Pharma Strategy Blog

Commentary on Pharma & Biotech Oncology / Hematology New Product Development

This month has brought a flurry of regulatory activity in the prostate cancer landscape with several companies seeing noticeable action in the new product development area:

For this specific post, I want to concentrate on the new trends in advanced prostate cancer, as last weekend I attended the 2012 American Urological Association (AUA) annual meeting, focusing on the basic research sessions hosted by the Society of Basic Urological Research (SBUR) and Society of Urologic Oncology (SUO).  It’s hard to ignore the clinical data though, with so much activity in going on in advanced prostate cancer!

While at the oral and poster sessions, I enjoyed informal chats with urologists and researchers. Many of the urologists I spoke to at AUA were very excited about enzalutamide, certainly much more enthusiastic than in the last two years when we saw the arrival of sipuleucel-T (Provenge) and abiraterone (Zytiga) in the pre- and post- chemo settings respectively. The reasons for this were varied, depending on the respondents, ranging from understanding the mechanism of action (MOA) clearly to ease of logistics to lack of concomitant steroid therapy. The fact that the initial overall survival of 4.8 months for enzalutamide in the post-chemo setting, which hints at a more potent and effective therapy, probably helped as well.

With that in mind, I spoke with Dr Neal Shore, one of the AFFIRM trialists about his perspective of the impact of enzalutamide on his patients.  Firstly, we discussed the expectations for patients who have received chemotherapy:

“Patients who typically have completed a course of docetaxel have historically a 6-12 month life expectancy depending upon… on how symptomatic or asymptomatic they are.”

Secondly, what was the impact of treatment with enzalutamide?

“In the treatment arm, those who received enzalatumide, they lived at the median 4.8 months longer than patients who received the control placebo.

So in fact their survival extended beyond 18 months. I told you that normally this patient population has a 6-12 month survival expectancy range, that to me is dramatic.

It’s a dramatic life prolongation effect.”

Emphasis mine.

One of the things that makes enzalutamide exciting for me is the ability to target splice variants. This may explain why the agent has slightly better efficacy in the post chemo setting than abiraterone, which demonstrated a 3.9 month overall survival advantage over placebo when it was initially approved. This figure has since improved to 4.7 months with more mature data, suggesting that the initial 4.8 months improvement we see with enzalutamide may also potentially improve further with time.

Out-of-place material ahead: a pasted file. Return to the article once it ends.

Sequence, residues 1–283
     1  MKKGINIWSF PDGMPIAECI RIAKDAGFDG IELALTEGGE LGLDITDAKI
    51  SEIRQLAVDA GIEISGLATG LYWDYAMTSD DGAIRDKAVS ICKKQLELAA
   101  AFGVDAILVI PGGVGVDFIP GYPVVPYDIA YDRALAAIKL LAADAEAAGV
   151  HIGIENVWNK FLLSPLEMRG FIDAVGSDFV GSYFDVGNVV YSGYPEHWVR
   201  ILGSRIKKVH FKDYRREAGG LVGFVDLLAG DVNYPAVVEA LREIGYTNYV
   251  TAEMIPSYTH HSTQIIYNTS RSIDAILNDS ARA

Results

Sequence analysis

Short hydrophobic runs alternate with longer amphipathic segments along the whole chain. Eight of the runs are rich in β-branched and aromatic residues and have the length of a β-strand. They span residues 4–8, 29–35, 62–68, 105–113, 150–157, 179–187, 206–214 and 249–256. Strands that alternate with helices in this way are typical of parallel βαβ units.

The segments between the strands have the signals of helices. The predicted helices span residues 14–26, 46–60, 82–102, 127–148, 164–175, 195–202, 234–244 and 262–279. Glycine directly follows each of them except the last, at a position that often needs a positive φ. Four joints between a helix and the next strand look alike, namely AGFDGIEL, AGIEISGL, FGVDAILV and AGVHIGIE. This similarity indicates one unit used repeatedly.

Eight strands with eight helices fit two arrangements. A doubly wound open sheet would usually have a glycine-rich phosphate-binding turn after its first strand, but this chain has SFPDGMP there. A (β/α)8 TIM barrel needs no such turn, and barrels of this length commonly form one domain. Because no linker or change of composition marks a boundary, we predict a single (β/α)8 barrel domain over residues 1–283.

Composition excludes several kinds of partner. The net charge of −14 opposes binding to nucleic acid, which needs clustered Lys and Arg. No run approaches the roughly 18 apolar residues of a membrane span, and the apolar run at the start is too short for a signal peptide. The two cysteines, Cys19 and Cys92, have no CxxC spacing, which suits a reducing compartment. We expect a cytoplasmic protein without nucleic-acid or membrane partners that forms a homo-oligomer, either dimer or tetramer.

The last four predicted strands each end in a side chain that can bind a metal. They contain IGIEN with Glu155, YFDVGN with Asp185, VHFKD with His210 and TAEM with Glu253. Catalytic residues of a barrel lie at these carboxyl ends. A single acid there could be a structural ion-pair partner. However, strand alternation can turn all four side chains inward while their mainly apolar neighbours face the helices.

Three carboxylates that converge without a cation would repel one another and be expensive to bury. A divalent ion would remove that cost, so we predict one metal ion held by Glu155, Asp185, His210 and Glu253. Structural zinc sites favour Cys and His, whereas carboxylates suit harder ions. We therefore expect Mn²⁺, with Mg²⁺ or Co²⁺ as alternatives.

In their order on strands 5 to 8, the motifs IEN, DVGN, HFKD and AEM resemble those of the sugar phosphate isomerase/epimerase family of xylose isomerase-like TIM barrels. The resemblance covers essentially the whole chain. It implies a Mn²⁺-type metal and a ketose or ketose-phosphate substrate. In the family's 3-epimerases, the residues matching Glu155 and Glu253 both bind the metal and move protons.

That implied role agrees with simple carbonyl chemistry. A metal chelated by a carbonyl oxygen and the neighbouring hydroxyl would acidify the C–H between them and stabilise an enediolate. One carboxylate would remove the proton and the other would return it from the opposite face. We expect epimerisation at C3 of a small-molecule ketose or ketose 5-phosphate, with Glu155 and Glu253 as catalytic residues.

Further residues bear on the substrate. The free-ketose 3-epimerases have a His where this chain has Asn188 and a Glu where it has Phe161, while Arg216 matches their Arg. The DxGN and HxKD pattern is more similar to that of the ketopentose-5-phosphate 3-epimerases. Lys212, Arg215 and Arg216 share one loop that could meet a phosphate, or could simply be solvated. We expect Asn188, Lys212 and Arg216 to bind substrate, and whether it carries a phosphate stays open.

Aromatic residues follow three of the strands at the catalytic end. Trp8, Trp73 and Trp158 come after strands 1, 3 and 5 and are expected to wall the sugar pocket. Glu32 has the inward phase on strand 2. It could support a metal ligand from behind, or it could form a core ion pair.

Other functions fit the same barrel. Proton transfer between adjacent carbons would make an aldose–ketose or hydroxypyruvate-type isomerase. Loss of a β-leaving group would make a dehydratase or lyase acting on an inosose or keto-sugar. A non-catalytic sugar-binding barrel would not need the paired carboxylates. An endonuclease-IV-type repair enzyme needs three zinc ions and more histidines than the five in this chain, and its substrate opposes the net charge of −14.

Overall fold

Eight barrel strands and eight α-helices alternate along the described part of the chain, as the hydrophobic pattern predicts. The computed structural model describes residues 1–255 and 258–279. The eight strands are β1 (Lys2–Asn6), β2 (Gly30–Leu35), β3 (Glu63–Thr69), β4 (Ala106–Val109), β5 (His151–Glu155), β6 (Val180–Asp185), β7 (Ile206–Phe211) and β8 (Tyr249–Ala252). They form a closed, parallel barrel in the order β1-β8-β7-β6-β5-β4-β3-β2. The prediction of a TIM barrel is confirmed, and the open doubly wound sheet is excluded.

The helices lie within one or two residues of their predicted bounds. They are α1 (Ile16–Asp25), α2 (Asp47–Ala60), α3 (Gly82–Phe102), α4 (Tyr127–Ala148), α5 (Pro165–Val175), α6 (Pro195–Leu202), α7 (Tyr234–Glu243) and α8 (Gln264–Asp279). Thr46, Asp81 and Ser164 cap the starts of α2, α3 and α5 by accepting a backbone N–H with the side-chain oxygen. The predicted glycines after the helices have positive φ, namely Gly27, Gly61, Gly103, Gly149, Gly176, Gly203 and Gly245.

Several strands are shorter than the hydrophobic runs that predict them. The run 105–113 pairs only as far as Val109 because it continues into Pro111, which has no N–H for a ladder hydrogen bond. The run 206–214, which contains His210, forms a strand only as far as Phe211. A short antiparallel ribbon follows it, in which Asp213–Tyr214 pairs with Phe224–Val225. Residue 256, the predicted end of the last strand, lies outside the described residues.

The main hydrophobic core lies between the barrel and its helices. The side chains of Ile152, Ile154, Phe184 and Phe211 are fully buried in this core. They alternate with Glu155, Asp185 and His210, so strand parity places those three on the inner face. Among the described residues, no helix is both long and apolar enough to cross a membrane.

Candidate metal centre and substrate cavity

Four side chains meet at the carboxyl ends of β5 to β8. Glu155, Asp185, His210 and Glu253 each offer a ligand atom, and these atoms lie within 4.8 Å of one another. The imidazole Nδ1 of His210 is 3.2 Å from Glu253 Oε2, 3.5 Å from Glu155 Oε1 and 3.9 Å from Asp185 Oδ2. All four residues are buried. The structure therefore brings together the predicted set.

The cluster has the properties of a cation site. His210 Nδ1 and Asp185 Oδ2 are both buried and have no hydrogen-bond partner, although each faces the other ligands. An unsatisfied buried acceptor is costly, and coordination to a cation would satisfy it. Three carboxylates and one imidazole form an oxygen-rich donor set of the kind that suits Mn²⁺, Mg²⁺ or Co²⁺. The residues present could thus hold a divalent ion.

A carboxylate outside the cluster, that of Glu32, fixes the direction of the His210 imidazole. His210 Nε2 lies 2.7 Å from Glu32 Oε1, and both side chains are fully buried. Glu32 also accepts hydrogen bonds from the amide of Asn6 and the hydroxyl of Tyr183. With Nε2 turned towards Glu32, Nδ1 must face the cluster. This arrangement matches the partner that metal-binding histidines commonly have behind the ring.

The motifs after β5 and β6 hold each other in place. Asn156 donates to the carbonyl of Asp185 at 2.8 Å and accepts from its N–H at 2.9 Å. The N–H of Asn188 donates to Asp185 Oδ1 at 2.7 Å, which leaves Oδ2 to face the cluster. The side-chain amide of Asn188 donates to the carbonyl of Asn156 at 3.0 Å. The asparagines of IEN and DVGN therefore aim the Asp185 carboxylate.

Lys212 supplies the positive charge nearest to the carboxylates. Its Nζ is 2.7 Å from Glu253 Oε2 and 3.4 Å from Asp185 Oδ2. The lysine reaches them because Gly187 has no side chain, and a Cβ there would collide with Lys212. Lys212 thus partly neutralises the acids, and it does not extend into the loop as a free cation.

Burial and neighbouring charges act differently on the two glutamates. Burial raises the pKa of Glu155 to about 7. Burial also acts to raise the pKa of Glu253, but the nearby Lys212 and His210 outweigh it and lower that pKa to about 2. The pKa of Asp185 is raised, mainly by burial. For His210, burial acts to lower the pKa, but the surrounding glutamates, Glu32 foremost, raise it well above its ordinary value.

Previously, I discussed the splice variants with Dr David Hung, the Medivation CEO:

Dr David Hung on Splice Variants:

Another area where we may see changes in mCRPC is sequencing, combinations and different trial designs. While it seems logical that good old fashioned sequencing, as with ADTs in earlier disease, will prolong time to disease progression by managing PSA levels, it should be noted that I don’t think any of those agents have actually shown a significant improvement in overall survival in patients. Unlike oncology, urology tends to have looser endpoints and this is something that we may well see changes in going forward as more rigour is applied in the clinical trial setting.

Combination therapy is something that I think we will also see more of in the future if we are to see real shifts in meaningful outcomes. As Charles Sawyers noted in a previous interview, shutting down the AR pathway more comprehensively with dual inhibition and ‘big guns’ makes solid scientific sense. This doesn’t just mean the obvious though, such as determining whether dual upstream and downstream AR inhibition with enzalutamide plus abiraterone versus either alone would work, but also targeting cross-talk and adaptive resistance pathways such as AR inhibition plus a PI3K inhibitor. Some of these trials are already underway, at least in phase II to see what the safety and efficacy signals looks like.

The arrival of multiple new therapies that change the standard of care also means that once the current crop of new drugs have been approved (abiraterone, enzalutamide and alpharadin) it becomes more difficult to conduct placebo controlled trials with OS any more, as Dr Shore astutely observed:

Dr Shore’s point about surrogate markers of survival in advanced cancer is a highly relevant one given the increasing level of competition in this tumour type.